Ontario corner stores petition for right to sell alcohol

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Ontario corner stores are pushing for the ability to sell alcohol, a practice that is already legal in Quebec.


Dave Bryans, CEO of the Ontario Convenience Stores Association (OCSA), believes that agency stores work well. He said convenience stores would require SmartServe certifications from all their employees and would not sell to anyone without photo ID. Stores would ask the Alcohol Gaming Commission to regulate their alcohol sales.


Two Mac's stores in Thamesford and Craigleith already sell alcohol as agency stores.


University of Waterloo student Matt Cocca was open to the idea, saying that “lots of places do it, so it must be working.”


Another UW student, Vanessa Robinson, said, “I don’t think it’ll change much, I mean people are pretty resourceful … if students want to drink, they’ll find a way.”


The Beer Store, which is privately owned by Labatt Brewing Company, Molson Coors Brewing Company, and Sleeman Breweries (Sapporo), has launched a campaign against the OCSA in an attempt to turn Ontario residents against the proposition.


The Beer Store claimed that convenience stores will not regulate the drinking age as strictly as required by OCSA — it said studies have shown this to be untrue and in fact it is less frequent in convenience stores. Ted Moroz, president of the Beer Store, warned Ontario residents that prices of beer and liquor will rise if alcohol sales are deregulated.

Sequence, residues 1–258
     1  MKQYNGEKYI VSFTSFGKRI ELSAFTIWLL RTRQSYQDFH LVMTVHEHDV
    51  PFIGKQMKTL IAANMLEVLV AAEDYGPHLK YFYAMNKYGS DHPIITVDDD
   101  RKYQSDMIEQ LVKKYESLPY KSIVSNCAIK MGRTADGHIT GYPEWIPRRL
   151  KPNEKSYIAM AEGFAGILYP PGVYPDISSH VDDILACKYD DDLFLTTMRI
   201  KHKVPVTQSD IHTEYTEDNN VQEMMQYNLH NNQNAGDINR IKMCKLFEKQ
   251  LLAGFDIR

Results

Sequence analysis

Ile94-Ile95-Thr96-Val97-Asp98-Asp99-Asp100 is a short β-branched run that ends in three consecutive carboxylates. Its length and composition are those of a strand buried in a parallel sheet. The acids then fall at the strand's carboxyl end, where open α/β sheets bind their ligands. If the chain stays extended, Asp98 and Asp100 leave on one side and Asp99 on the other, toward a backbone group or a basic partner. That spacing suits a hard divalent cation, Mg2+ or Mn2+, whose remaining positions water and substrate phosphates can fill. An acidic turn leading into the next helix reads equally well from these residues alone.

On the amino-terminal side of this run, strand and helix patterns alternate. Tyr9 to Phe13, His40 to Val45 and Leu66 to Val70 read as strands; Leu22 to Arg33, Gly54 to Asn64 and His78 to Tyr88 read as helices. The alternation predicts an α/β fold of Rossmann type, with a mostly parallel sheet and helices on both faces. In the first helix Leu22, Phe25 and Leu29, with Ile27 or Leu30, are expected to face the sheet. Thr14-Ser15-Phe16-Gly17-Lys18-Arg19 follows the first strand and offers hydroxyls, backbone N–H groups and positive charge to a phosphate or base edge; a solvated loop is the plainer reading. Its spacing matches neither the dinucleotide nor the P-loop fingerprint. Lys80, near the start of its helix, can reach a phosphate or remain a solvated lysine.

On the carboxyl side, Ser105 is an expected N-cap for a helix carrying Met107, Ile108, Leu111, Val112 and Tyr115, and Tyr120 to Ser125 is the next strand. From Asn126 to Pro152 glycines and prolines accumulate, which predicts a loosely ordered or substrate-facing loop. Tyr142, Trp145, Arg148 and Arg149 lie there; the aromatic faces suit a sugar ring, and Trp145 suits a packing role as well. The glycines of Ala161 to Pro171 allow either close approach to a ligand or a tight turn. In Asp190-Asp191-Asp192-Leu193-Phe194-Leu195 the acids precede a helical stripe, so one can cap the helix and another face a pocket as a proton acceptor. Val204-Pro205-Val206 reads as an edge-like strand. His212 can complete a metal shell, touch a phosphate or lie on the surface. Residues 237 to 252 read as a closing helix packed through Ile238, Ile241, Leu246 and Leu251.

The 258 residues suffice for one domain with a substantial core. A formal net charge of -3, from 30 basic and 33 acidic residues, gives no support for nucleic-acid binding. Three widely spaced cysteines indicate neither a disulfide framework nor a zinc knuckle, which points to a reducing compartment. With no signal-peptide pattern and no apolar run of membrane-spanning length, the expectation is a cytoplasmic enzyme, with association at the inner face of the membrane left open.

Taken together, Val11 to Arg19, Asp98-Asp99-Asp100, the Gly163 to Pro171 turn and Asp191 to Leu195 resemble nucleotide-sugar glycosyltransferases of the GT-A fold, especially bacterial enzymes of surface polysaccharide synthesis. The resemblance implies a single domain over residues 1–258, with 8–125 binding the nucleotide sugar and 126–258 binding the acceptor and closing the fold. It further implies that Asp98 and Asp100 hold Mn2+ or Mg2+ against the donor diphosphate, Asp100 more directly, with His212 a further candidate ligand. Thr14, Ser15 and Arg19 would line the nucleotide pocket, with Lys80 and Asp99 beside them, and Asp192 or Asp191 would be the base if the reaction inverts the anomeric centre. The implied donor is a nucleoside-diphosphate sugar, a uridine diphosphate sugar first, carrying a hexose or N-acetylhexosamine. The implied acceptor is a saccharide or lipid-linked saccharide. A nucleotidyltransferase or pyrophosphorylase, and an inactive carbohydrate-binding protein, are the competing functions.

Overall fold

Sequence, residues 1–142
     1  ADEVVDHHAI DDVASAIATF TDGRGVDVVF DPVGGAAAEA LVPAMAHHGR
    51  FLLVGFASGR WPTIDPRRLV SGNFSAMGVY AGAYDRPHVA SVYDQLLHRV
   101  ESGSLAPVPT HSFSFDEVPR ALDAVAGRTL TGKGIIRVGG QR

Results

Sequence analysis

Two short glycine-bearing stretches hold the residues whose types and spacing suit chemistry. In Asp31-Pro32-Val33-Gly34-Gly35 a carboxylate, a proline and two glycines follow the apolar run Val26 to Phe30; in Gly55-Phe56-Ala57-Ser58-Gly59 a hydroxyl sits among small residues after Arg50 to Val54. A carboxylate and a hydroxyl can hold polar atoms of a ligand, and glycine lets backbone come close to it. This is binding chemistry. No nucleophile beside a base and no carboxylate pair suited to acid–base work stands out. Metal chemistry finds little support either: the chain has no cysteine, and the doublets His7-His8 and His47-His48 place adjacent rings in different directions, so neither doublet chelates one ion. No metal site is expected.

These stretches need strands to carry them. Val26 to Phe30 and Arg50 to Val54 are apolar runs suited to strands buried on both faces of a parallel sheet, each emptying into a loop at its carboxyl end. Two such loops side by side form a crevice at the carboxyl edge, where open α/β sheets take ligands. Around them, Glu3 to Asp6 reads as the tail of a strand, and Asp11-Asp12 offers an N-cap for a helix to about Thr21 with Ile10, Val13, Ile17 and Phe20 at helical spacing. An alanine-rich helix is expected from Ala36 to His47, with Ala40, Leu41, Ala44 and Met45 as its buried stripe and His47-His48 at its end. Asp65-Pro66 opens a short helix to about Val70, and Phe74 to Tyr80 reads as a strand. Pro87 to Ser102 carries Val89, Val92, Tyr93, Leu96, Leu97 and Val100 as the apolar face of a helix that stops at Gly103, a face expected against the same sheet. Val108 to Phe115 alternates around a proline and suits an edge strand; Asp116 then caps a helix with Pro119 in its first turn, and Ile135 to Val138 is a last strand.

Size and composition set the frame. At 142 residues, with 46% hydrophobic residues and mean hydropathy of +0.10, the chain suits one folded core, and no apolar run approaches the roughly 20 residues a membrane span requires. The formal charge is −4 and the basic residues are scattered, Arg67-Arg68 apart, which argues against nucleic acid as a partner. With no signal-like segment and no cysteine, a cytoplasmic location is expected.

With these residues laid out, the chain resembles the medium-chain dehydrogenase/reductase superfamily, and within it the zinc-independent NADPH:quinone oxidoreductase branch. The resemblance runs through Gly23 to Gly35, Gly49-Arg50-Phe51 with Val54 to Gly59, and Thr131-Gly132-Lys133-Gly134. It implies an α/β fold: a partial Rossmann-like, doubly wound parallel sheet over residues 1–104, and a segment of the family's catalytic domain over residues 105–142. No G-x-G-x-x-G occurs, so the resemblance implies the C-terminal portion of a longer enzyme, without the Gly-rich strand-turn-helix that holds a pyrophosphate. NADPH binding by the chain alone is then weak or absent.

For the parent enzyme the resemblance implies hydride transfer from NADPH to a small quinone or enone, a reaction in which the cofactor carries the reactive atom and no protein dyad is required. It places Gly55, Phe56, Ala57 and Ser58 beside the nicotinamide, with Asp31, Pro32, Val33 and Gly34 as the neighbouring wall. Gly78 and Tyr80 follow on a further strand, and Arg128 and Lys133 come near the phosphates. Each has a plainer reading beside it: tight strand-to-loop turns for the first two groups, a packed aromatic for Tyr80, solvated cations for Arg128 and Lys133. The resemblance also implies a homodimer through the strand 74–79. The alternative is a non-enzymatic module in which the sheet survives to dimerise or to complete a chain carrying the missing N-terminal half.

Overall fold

According to Bryans however, Quebec is proof that corner stores can safely sell alcohol.


The OCSA is fighting back against these so-called “fear-mongering” ads being put forward by the Beer Store. According to Bryans, Ontarians are not impressed with the Beer Store’s tactics as it tries to protect its market monopoly.


However, some community groups have rallied behind the message that is being spread by the Beer Store.


Executive director of Arrive Alive Drive Sober, Anne Leonard, spoke out against the OCSA’s petition, saying that having alcohol in corner stores will provide too many opportunities for people to buy alcohol, and will have little control over the sale. Arrive Alive Drive Sober lists The Beer Store as a ‘Diamond’ sponsor.


The Conservative Party of Canada is in favour of keeping alcohol in liquor stores, butthey are opposed by the Liberals and the NDP.


The Ontario Liberals are currently moving forward with their plan to allow the selling of liquor in grocery stores. The government is currently accepting applications from grocery stores that wish to introduce LCBO Express kiosks into their stores.


According to Bryans, the OCSA plans to continue their campaign: “It’s time the foreign-owned Beer Store had a little home-grown competition,” he said.
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